While it’s all well and good that Noah Syndergaard got to be on Game of Thrones, I cannot fathom why the powers that be did not consider using someone who actually looks like he belongs in Westeros (albeit beyond the wall) – the ginger-god himself, Justin Turner. Seriously, how could they not get Justin Turner to play a freefolk. He legitimately looks just like Tormund Giantsbane – you’re telling me you couldn’t have him be Tormund’s brother (or long lost son), Turner Giantsbane? That’s a massive opportunity entirely blown by the writers and casting. Anyway, turning to DFS for a second, Justin Turner-Giantsbane is having quite a season so far. A career .284/.351/.419 hitter before the 2015 season, Turner had seemingly taken a big step forward over the past two seasons by posting numbers a step above his career to that point – .294/.370/.491 in 2015 (142 wRC+), and .275/.339/.493 (124 wRC+) in 2016. But just like how Tormund went from small character to a well-liked secondary character to a full-blown fan favorite, Justin Turner has gone from decent major league (everything up through 2014) to respectable major league hitter (2015-2016) to full blown MVP candidate this year by batting .348/.441/.561 (currently good for the 3rd best wRC+ at 166 – fourth if you want to include Mike Trout, which is mandatory because he’s Mike $%^&*[email protected] Trout). And of note is how he’s done it – so far in 2017, he’s destroying lefties on a level that even Edgar Renteria and Alex Rodriguez would be impressed by – so far this season, he’s batting .398/.489/.759 (222 wRC+) against lefties. Sure enough, he’s facing a lefty today, and not a good one either – Clayton Richard. Now, I will be the first to admit that his L/R splits in a single season are the product of small sample size. But while the lefty-mashing will likely regress, the righty-hitting will likely also likely regress (in the opposite direction) as he reverts towards his career norms of having no real split. And yes, it’s probable that the 2015-2016 Justin Turner is the “true” Justin Turner, but the 2015-2016 Justin Turner is still pretty damn good. And he’s in a great matchup, facing Clayton Richard today. So ride the ginger wave, and roster Justin Giantsbane. If he continues the 2017 Justin Turner, complete with lefty-mashing that can only be rivaled by Arya’s list, you’ve got an absolute monster today. And if he’s just the 2015-2016 Justin Turner? Well, you’ve still got one heck of a good play today.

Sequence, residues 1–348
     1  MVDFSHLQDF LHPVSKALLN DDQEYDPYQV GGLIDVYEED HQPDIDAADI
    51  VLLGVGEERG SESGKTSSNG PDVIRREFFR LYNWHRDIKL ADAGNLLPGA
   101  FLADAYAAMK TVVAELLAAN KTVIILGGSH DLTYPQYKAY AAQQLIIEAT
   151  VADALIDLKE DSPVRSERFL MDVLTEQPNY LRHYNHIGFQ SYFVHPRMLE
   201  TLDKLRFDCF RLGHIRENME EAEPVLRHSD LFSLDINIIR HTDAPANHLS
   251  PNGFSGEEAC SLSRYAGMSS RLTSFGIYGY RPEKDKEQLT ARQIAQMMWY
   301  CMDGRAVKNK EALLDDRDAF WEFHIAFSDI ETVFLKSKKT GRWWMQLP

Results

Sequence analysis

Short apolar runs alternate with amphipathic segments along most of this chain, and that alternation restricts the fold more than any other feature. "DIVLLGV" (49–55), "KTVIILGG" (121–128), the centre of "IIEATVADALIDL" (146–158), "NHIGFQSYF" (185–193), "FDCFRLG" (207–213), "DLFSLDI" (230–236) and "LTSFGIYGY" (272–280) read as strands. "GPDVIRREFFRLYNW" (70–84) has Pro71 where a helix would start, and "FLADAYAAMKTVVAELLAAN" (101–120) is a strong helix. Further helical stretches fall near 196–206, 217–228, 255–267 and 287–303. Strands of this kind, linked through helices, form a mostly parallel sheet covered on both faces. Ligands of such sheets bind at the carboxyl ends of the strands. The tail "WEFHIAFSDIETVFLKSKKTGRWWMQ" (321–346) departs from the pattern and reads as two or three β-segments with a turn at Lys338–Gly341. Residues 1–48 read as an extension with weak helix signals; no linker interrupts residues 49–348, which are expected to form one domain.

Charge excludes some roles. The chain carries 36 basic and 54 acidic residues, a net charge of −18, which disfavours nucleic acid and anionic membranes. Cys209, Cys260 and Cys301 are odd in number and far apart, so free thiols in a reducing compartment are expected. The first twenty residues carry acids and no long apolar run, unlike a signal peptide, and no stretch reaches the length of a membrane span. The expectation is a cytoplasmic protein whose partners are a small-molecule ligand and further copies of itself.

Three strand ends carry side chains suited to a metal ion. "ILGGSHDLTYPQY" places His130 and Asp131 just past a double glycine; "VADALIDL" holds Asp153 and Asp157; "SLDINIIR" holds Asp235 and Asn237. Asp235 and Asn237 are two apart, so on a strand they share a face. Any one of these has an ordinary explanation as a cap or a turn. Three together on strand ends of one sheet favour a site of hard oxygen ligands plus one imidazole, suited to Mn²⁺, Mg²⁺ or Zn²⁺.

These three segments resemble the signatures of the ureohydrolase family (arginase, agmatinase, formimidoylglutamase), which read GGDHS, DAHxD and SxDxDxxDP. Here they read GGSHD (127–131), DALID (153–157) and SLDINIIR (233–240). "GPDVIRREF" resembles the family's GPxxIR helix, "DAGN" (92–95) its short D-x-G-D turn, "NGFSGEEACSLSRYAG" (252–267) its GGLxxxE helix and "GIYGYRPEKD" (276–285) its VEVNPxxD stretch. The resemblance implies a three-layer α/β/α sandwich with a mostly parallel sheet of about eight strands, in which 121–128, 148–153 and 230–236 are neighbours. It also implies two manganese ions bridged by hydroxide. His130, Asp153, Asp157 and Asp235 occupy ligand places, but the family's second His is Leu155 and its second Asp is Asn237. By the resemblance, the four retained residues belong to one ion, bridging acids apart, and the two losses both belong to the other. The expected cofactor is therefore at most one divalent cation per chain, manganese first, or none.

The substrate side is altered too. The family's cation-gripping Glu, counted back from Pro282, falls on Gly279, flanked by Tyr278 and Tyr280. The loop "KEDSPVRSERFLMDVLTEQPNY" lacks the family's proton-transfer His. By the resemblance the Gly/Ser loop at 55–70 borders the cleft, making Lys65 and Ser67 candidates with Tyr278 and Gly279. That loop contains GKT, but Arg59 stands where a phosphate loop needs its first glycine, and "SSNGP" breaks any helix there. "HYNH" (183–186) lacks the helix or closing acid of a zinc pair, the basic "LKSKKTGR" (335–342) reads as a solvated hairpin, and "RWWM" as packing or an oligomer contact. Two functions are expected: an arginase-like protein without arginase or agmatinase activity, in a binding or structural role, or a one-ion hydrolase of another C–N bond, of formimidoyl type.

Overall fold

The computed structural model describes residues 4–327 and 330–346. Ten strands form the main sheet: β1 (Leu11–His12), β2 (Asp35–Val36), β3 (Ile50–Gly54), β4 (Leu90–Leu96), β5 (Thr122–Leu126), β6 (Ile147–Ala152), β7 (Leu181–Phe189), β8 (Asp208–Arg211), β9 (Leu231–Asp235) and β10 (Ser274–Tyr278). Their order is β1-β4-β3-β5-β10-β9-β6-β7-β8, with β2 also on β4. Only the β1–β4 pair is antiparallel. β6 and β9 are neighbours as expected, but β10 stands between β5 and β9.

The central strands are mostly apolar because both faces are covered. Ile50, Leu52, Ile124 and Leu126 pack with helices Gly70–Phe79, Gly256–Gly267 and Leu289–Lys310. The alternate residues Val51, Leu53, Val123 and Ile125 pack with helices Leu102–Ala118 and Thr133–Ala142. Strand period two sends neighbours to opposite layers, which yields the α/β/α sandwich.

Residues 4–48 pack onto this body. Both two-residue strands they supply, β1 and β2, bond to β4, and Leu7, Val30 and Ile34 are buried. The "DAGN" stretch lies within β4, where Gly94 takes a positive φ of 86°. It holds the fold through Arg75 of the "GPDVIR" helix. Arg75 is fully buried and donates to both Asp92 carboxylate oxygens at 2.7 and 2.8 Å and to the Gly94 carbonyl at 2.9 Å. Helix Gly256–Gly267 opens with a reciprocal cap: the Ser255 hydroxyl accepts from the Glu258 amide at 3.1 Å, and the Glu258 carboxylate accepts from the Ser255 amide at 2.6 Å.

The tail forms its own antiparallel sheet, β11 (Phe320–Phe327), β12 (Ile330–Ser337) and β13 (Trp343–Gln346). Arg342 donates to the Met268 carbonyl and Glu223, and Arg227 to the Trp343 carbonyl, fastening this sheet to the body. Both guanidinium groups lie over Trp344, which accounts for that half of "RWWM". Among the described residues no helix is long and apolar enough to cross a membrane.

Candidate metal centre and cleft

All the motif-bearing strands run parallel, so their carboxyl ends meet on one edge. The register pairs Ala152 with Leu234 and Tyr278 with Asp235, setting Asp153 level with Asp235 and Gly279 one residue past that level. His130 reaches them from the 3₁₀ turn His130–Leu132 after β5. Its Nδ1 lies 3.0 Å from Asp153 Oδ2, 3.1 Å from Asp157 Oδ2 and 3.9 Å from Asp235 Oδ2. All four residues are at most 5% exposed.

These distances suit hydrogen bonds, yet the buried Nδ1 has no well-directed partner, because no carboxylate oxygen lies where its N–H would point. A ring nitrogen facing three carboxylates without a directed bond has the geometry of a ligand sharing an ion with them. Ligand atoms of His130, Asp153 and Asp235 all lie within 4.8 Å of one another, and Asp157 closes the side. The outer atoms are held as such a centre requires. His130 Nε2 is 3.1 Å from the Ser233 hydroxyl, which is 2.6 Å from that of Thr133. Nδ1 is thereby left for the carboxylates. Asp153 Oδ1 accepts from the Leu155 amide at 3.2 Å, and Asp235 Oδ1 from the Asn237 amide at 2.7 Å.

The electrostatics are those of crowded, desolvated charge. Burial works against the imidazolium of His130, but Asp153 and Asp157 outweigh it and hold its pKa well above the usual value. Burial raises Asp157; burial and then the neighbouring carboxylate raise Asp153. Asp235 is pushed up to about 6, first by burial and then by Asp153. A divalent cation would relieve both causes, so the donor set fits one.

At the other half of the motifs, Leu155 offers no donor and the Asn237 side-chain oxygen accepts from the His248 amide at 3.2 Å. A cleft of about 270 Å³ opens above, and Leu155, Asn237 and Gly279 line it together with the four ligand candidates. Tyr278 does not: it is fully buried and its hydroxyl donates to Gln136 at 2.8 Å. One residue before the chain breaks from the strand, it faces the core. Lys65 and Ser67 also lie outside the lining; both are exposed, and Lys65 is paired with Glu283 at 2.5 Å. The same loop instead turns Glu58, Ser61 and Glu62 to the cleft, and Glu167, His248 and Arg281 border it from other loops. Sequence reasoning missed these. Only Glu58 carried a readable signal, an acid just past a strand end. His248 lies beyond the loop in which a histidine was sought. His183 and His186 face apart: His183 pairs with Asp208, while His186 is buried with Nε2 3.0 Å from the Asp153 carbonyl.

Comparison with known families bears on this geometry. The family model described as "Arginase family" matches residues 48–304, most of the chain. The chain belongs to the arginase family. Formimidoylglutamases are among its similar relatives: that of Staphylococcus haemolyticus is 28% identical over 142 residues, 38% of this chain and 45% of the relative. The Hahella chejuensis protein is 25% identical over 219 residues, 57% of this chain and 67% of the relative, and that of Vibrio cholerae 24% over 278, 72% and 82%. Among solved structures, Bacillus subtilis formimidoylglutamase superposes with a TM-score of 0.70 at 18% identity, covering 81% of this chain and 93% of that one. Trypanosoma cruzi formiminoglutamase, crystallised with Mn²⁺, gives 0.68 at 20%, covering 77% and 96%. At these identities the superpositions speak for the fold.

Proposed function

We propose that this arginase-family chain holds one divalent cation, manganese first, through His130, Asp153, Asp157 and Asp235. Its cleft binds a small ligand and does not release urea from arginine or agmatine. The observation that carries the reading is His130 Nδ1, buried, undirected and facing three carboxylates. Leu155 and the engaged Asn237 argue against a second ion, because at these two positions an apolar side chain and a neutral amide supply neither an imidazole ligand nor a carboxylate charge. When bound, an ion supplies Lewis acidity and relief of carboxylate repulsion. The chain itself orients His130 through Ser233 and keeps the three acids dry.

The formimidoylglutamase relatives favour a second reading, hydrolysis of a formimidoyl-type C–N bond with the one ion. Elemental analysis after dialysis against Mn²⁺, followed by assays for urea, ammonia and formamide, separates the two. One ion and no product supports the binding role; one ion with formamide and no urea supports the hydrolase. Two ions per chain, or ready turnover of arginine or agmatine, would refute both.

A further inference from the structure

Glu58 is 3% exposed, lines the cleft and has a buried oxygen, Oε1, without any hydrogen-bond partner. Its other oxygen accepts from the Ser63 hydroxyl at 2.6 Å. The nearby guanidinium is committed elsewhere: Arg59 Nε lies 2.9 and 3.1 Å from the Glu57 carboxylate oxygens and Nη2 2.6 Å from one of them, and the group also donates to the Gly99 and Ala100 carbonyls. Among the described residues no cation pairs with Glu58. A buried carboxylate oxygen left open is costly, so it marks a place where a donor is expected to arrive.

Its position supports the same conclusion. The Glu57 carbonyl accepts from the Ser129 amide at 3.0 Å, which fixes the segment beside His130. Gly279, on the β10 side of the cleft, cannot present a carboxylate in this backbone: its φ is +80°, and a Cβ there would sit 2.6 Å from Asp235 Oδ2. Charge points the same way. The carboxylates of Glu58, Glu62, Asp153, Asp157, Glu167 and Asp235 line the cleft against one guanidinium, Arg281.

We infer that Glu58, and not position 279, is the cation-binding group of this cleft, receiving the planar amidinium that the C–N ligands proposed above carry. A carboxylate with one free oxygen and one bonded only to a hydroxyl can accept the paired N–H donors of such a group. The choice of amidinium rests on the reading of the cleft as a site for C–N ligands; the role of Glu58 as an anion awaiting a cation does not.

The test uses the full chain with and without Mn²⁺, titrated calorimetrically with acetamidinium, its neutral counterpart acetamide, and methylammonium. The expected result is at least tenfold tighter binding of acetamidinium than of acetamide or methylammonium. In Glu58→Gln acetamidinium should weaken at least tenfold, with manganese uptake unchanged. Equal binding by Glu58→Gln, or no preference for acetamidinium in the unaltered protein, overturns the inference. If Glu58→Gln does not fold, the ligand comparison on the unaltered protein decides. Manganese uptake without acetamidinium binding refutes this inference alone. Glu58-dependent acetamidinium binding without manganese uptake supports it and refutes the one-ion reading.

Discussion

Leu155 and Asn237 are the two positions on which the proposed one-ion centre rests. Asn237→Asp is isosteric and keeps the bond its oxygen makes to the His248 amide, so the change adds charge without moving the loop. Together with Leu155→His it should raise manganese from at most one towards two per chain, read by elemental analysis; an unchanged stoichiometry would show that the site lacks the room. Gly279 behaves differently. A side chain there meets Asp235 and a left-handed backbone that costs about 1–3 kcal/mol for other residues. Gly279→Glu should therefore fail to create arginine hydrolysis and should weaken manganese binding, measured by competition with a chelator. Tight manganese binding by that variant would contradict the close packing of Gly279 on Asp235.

On to the picks once Turner Giantsbane is a character in Game of Thrones

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Please, blog, may I have some more?

This week, Dr. Easy and I (he’s the Rudy, with the stats and the puns; I’m the Grey, with the high-pitched giggle and the puns) continue our Adventures with the Razzball Season-to-Date Player Rater (STD PR), looking for players who are rated higher than you may think they are — or lower than you think they would be — in an attempt to help you with waiver wire pick-ups, trade targets and DFS plays. We’ll look at a couple of position players but focus mostly on non-closing, non-handcuff relief pitchers, to try to get an idea of where their value lies for a roto team.

Please, blog, may I have some more?

Who’s got one thumb and hit over 60 home runs in their career? Sorry, Carlos Correa ain’t what I’m looking for. Yeah, so what if I spent my Tuesday night researching weird thumb stuff? We already know Correa wasn’t the first person to pull off a thumb injury like this. But hey, turns out, he’s not even the first person named Carlos to do it! Yep, former Chicago White Sox-ian Carlos May blew off his own thumb in 1969 while serving in the U.S military. His story is one hundred and ten times cooler than Correa’s, and it’s kinda scary that he went on to have a more productive career with one appendage, than 40% of all Major League players.

A week after the All Star break is the best time to ignore actual stats and ride on a whim of “yeah, he should probably play better in the second half, my Dad thinks so”. It’s like a relapse of Opening Day optimism, only by now you probably know that your team sucks. Enough of the history/heartfelt reflection, though, here’s my take for Wednesday’s slate:

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Please, blog, may I have some more?